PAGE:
Ernst Klopp (1900 – 1964) and his Family – Part 39

Philosophizing at Father’s Bedside

When Father’s back pains hurt too much, he stayed in bed for most of the day. Adolf and I were sitting at his bedside to keep him company. Then Father and I would often talk about the great empires of the past and the lessons one might learn from the causes of their decline. I really warmed up to this topic as I had recently taken a keen interest in the Roman Empire’s history. We concluded that if one allows foreign religious and ethnic elements to dominate the nation’s cultural core, it will sooner or later lose its identity. Its values and moral fibre will undergo first decline and then total collapse. Germany, according to Father, has not learned her lessons and was headed in the same direction. Pointing to the record player on the night table, he remarked, “The record is turning. The needle is progressing in its groove. But in the end, it will be starting all over again. symbolizing the eternal recurrent of the same in world history.” Adolf feeling a little left out in this highfalutin talk, said he would buy himself a couple of history books to study up on the things he had missed in school.


Before the end of my vacation in Michelbach, I gave Erna my moped. The engine of her better-looking moped had utterly broken down. Adolf, the skilful mechanic and jack-of-all-trades, took the working motor out of mine and installed it into Erna’s moped. As a reward for my generosity, Adolf drove me in his Volkswagen beetle back home to Wesel, where he would spend a few days to visit with Mother and Aunt Mieze. In this joyful summer of 1962, I saw Father for the last time alive. I am so glad that I did. How great would have been the loss if I had missed this golden opportunity to see him!

16 comments

  1. Amy · March 19

    What a fascinating conversation. It obviously left its mark on you. And is a real legacy from your father. And although Germany, like all countries, has its flaws, in many ways it has done more to try and prevent repeating its mistakes than many other countries, including the US, which still uses religion and race as ways of dividing and discriminating against people.

    Liked by 1 person

  2. Stella, oh, Stella · March 19

    Indeed, how great would have been the loss … it was supposed to happen, I am sure.

    I think that another factor of declining empires is when nations are so well off that they get decadent and import slaves to do their dirty work, because nobody wants to do it anymore. That was – in my eyes – also the start of the decline of the Roman empire. Slaves or cheap/illegal workers would be the same in this connection. The great emperors also had the tendencies to spread themselves too thin, conquer more and more countries and having to rely on people without a necessary control function.

    Liked by 1 person

    • Peter Klopp · March 20

      Thank you for mentioning another factor which may have contributed to the decline of the Roman empire. I see parallels here too for our modern time. It may not be so obvious. But I see the same trend in the use of cheap labour being imported from poor countries. The living conditions for foreign workers here in Canada are deplorable.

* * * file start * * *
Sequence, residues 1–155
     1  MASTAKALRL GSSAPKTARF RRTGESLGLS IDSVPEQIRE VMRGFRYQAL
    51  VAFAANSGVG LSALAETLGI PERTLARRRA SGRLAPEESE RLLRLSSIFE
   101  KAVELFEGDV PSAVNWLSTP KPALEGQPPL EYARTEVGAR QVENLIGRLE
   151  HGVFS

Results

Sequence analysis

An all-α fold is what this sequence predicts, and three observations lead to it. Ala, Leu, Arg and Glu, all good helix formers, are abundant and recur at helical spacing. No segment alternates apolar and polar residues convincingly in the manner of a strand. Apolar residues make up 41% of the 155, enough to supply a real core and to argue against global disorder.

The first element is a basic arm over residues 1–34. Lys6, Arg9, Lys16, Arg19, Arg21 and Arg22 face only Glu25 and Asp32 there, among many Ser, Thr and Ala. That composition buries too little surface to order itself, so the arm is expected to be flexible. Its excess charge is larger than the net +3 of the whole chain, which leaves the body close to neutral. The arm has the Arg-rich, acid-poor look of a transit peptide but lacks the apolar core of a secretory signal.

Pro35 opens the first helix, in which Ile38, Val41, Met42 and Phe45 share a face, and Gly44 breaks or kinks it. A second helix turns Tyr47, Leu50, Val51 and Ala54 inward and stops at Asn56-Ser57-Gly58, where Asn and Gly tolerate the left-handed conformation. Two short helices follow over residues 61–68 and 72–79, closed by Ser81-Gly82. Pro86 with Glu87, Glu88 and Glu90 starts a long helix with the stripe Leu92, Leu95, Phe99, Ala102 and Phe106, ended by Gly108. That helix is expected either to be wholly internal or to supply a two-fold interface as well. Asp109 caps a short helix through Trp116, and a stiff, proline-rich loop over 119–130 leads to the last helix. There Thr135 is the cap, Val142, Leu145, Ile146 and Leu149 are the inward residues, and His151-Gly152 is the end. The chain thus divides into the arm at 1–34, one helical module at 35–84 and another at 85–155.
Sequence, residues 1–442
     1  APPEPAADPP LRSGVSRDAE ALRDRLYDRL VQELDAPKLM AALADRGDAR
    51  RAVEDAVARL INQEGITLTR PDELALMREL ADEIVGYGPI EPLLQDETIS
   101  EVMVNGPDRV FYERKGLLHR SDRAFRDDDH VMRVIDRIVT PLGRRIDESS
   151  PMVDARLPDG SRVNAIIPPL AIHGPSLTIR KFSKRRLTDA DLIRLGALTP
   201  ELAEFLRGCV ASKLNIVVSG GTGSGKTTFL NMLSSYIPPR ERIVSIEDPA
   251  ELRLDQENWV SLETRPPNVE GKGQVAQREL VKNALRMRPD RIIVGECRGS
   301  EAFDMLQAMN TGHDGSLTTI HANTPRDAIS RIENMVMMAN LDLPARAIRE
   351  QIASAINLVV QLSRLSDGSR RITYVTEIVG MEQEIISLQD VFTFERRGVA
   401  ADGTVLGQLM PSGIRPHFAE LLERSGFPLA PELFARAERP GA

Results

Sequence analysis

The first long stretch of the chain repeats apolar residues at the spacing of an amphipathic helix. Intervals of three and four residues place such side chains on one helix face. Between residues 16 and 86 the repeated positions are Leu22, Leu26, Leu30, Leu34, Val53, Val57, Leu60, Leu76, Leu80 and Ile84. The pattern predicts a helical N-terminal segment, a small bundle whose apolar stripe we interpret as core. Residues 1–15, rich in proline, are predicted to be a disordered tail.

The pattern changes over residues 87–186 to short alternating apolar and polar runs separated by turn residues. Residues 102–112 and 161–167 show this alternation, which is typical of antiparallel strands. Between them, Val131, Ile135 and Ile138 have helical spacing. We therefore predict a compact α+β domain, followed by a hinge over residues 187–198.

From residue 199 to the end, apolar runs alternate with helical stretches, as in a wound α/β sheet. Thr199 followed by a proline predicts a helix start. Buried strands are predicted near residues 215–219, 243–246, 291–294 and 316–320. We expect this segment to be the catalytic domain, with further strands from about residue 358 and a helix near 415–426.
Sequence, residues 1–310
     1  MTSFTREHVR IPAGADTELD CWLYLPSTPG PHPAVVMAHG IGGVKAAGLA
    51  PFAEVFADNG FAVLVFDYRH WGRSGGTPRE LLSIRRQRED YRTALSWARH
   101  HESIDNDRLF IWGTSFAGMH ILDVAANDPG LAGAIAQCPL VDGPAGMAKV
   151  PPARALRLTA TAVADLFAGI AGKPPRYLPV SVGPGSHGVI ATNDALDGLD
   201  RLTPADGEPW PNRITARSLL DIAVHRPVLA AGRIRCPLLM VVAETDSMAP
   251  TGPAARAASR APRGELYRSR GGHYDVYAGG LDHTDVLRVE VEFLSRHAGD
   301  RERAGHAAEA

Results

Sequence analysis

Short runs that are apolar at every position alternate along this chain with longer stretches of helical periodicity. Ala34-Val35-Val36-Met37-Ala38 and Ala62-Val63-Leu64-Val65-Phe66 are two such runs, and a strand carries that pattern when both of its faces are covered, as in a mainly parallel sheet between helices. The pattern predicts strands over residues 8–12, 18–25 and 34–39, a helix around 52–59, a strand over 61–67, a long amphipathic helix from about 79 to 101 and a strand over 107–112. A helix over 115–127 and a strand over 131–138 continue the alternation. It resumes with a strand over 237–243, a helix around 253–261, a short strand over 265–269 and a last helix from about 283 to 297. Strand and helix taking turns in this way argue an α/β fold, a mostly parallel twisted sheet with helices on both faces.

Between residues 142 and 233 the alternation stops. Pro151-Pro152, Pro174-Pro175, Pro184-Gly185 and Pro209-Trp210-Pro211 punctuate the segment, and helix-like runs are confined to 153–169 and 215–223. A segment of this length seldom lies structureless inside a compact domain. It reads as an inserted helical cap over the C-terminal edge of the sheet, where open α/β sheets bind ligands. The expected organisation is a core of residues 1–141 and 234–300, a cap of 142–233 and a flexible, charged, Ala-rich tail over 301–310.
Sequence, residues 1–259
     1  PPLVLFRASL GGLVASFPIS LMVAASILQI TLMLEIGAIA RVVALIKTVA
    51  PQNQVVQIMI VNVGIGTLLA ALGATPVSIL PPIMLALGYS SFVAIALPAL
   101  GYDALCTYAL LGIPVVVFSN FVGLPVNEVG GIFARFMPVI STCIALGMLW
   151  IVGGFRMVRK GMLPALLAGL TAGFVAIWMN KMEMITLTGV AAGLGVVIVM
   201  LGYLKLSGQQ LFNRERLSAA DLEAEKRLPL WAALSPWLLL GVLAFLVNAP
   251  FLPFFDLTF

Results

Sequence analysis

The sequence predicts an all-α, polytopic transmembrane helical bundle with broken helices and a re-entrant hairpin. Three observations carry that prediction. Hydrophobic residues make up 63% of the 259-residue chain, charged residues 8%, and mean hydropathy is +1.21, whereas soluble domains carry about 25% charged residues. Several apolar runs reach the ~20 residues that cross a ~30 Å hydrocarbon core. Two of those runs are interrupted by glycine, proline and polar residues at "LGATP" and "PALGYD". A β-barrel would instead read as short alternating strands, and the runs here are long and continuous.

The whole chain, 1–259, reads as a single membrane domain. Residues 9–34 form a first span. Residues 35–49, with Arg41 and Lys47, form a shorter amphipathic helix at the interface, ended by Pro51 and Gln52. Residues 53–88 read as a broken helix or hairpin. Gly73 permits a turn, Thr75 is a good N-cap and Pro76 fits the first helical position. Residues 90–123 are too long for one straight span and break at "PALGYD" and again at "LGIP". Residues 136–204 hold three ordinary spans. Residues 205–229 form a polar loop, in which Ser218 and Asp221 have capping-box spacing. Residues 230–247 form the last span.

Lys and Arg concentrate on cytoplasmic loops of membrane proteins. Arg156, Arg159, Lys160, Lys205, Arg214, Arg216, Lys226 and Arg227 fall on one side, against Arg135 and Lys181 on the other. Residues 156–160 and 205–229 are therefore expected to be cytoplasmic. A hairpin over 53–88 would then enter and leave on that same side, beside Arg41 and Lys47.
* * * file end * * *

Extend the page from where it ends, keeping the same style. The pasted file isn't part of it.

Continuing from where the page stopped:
Liked by 1 person

  3. crowcanyonjournal · March 19

    I’m glad you had the time to philosophize with your father, Peter!

    Liked by 1 person

  4. Peter, besides all the facts of the Roman Empire History, I think you were blessed to have that cherished moment with your father, not knowing that it would be the last time to see him. I believe that he shared the message of his dying by saying about the needle is turning….. . history, maybe he was also talking about his own history, don’t know if this making sense to you.

    Liked by 1 person

    • Peter Klopp · March 20

      Oh yes! There is so much meaning in what you have written in your kind comment, Cornelia!

      Liked by 1 person

  5. Steve Schwartzman · March 20

    How good that you had a father who would discuss empires of the past with you—and how sad that conversations like the one you describe here couldn’t have continued years longer.

    Liked by 1 person

  6. Edda · March 20

    Dass Du mit Deinem Vater noch solch beeindruckende und vertrauensvolle Gespräche führen konntest,war ein großes Glück, finde ich,Peter. Ohne es zu wissen,war es ja das letzte Mal für Euch beide, dass Ihr zusammen gewesen seid. Du hast in dieser Zeit mit ihm sicher das gefunden,was Du viele Jahre (wenn vielleicht auch unbewusst) vermisst hast.Diese schönen Erinnerungen an Deinen Vater sind für Dich wertvoll gewesen, das kann ich aus Deinen Zeilen lesen!
    Herzliche Grüße !
    Edda

    Liked by 1 person

  7. Ankur Mithal · March 21

    Declining empires is part of the ‘change agent’ inbuilt into humanity. We came with it. Nothing lasts forever.

    Liked by 1 person

  8. kopfundgestalt · March 22

    Peter, I had only recently read / heard that the lessons of history are inevitably lost. From the Thirty Years War e.g. there is nothing left. So it will be with the Second World War and the expulsion from the Eastern Territories.

    Liked by 1 person

    • Peter Klopp · March 24

      Lessons from the past are unfortunately quickly forgotten or deliberately being distorted to make new and worse mistakes.

      Liked by 1 person

  9. Steve Gingold · March 22

    Those must have been such good conversations between your father and you, Peter. And it is very good that you did get that chance to spend time with him that last time. There is no “defense” for change. It happens with or without us.

    Liked by 1 person

    • Peter Klopp · March 24

      Here is an old Latin quote that confirms what you are saying: Tempora mutantur et nos mutamur in illis. Times are a-changing and we are changing with them.

      Like

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